Doctor Who – Slipback
Written by Eric Saward
Transmitted 25 July to 8 August 1985
Suffering a painful hangover, the Doctor receives a psychic message that draws him to a massive spacecraft. On board, a series of mysterious killings threatens the lives of the crew while the craft’s artificial intelligence develops schizophrenia and the ship captain’s various illnesses increase to such an extent that he could will a plague upon his crew. When the Doctor and Peri are separated, Peri encounters a pair of unlikely policemen who insist that they are anything but while the Doctor bumps into their prey, a crook named Shellingbourne Grant. The Doctor soon realizes that the ship’s AI, full to the brim with knowledge of the universe from its various surveys, is disgusted with the state of existence and intends to travel back in time and cause a second big bang, wiping out reality in favor of a more structured creation. In order to save life as we know it, the Doctor must win an argument with an insane computer, dodge the police, avoid being eaten by a creature that should be extinct and stop the captain of the Vipod Mor from recreating the black death. Just another day for the Doctor, then.
Filling in the 18 month gap between Revelation of the Daleks and Trial of a Time Lord, Slipback is a strange experiment in radio drama for the long running science fiction program. With Big Finish Productions currently wearing a laurel of over a hundred and fifty audio dramas of Doctor Who alone, Slipback is difficult to judge in comparison. A somewhat stilted affair, the six part format is an awkward fit, resulting in some weird cliffhangers (the Doctor screaming ‘NOOOOOOO!’ when he realizes the ship computer’s plan being one) and plenty of padding.
The performances are varied, with Colin Baker showing his acting capacity in the lighter comedic moments as well as the heavy dramatic ones, winning his place as the Doctor even back in 1985 when he was still a relative newcomer to the part. Nicola Bryant fares less well as Peri, but given that she was still very new to the profession and likely had never acted on radio, you can’t hold it against her. Valentine Dyall (familiar to Whovians as the Black Guardian during the Fifth Doctor’s time) is splendid. This performance is sadly shortly before he passed on and he was in very bad health at the time. Both Jon Glover and Jane Carr are treasures to the production, their vocal talents bring Saward’s script to vibrant life.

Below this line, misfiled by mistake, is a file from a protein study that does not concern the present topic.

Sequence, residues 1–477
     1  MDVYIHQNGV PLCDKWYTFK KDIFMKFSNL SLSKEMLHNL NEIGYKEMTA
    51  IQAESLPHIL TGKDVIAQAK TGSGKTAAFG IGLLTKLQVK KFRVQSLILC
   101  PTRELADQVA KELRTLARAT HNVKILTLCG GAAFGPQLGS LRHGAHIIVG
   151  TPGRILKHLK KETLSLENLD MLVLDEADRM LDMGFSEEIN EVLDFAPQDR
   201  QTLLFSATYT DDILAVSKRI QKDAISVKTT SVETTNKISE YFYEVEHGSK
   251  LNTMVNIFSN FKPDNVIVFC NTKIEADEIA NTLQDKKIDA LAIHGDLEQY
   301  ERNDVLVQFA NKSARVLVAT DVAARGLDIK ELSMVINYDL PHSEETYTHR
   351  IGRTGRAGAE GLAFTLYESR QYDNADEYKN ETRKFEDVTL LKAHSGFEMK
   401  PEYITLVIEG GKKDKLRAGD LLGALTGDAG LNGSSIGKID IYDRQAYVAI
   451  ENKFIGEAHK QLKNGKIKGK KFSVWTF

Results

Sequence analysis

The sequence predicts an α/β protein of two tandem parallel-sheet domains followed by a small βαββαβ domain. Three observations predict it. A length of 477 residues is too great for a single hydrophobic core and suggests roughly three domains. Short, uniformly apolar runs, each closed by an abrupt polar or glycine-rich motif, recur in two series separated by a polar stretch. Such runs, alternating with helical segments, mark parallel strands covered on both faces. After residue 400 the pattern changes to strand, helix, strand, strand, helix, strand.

A veteran of screen and radio, Saward’s script is a bit of a mess, unfortunately. It is firmly embedded in the various Saward-isms of the period; dark humor, absurd situations and plenty of violence. Many have compared Slipback to Hitchhiker’s Guide to the Galaxy due to the doddering space policemen who seem to be ripped directly from its pages, but in truth Slipback is far stranger due to the character of the Doctor. With Douglas Adams’ work, there is the comfort of a likable (if ineffectual) hero, but the Sixth Doctor is so alien and unpredictable that he hardly brings a feeling of safety. Definitely one of the moire brilliant and forthright incarnations of the Doctor, one often gets the impression that he may not be on our side after all. When it becomes clear that he is the only force between life and death on such a galactic scale, it becomes very tense indeed.
An odd experiment that kept the fires burning for Doctor Who fandom, Slipback is often forgotten these days as it is neither part of the classic TV program nor is it part of the more recent Big Finish line of audios. Nevertheless, it is still finding fans as this animation shows:
Since his time on air, Colin Baker’s irascible Sixth Doctor has found a new legion of followers, hungry for more material. While it may not be his finest hour story-wise, Slipback should be included in that list of books, audios and such, along with the following: